by Campbell and Alya from Stingynomads.com

Snorkel with Turtles in Akumal

If you are traveling to Mexico, you already know that you will spend a lot of time in the water. Mexico has a beautiful Caribbean coastline and also exciting marine life.

And if you are coming to Tulum, there are many spots to check out. However, one of my favorite things to do in Tulum was snorkeling with sea turtles in Akumal. Akumal in Mayan means “land of turtles,” and it is a perfect spot for seeing these beautiful creatures.

Akumal is located just a 30 minutes drive from Tulum. If you would like to snorkel with turtles in Akumal, you need to take a guided snorkeling tour as this is a protected area, and you won’t be allowed to snorkel on your own in order to protect marine life. The guide costs $30-40 per person, but it is definitely worth it. We have seen many turtles, tropical fish, and after we enjoyed the rest of the day on the white sand beach of Akumal.

by Gigi from Beach Addicted

 Sunrise SUP on Bacalar Lagoon

If you’re looking for an absolutely stunning spot off-the-beaten-track for your Mexico bucket list, you really can’t go wrong with Bacalar and it’s famous Lagoon of Seven Colors. Located a short 2-hour ADO bus-ride south of Tulum, this small, sleepy town is popular with backpackers and domestic tourists. For a truly unique experience, join a sunrise SUP tour with What SUP Bacalar.

You’ll gather a little before sunrise for a short SUP lesson and then paddle across the lagoon as the sun slowly rises above the horizon.

Stop by one of the few open-air cenotes in Mexico, Cenote Azul, as well as the popular El Canal de Los Piratos for a short swim and to check out the murals. Then, paddle back across the lagoon and be back in time for breakfast! An absolutely magical experience!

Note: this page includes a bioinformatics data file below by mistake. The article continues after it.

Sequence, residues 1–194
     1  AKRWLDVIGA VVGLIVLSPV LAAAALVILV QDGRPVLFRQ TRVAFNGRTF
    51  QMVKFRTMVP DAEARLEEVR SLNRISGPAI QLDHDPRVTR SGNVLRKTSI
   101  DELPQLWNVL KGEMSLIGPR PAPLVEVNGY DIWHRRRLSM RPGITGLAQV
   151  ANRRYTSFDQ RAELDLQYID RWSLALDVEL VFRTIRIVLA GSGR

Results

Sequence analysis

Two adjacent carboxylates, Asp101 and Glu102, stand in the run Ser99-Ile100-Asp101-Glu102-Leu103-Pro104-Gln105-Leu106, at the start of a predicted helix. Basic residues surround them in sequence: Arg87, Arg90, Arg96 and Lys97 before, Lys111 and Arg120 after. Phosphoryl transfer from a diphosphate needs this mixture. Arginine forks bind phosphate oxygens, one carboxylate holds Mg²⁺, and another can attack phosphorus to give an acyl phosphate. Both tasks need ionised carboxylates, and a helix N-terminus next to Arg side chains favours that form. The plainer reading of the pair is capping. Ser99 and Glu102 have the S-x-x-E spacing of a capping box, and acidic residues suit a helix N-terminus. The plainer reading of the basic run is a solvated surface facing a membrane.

by Addie from Addie Aboard

Swim with Whale Sharks

Mexico isn’t exactly known for its wildlife. But the Yucatan Peninsula was the site of the largest gathering of Whale Sharks ever recorded, with more than 400 spotted feeding off the coast of Isla Mujeres in 2011.

Today, thousands of tourists descend on the Riviera Maya each summer, from June through September, in hopes of getting a chance to swim with these gentle giants. The average Whale Shark measures 35 feet long and weighs around 20,000 pounds. So imagine swimming right beside a behemoth about the width of a VW Beetle and the length of a school bus, and it should be obvious why this is widely considered among the best animal encounters in the world.

If you want to go swimming with Whale Sharks in Mexico, please do it responsibly:
Touching them is a no-no, and riding them is strictly forbidden. They aren’t remotely aggressive, but they’re incredibly strong (especially their unpredictable tails), so swim beside rather than behind them. Also note that these big beauties move MUCH faster than you might expect: The first one passed me by before I even had a chance to start kicking! But on the third attempt I was fortunate to spend nearly 5 minutes swimming in lazy circles alongside one, with my heart pounding in my chest with excitement the entire time as it gobbled down its tunny (the tiny spawn of a type of tuna) prey.

Suffice it to say that this is an exceptional aquatic adventure that every animal lover should experience at least once in their lifetime.

by Bret from Green Global Travel

Visit Merida 

Merida is a beautiful city not far from the Gulf of Mexico. Its charming markets, colorful architecture, and cobble-stoned roads make it one of my favorite destinations in the country! If you arrive in Cancun, take a dedicated shuttle bus from its international airport to Merida City Center. The ride is 3 hours and costs ~US $40.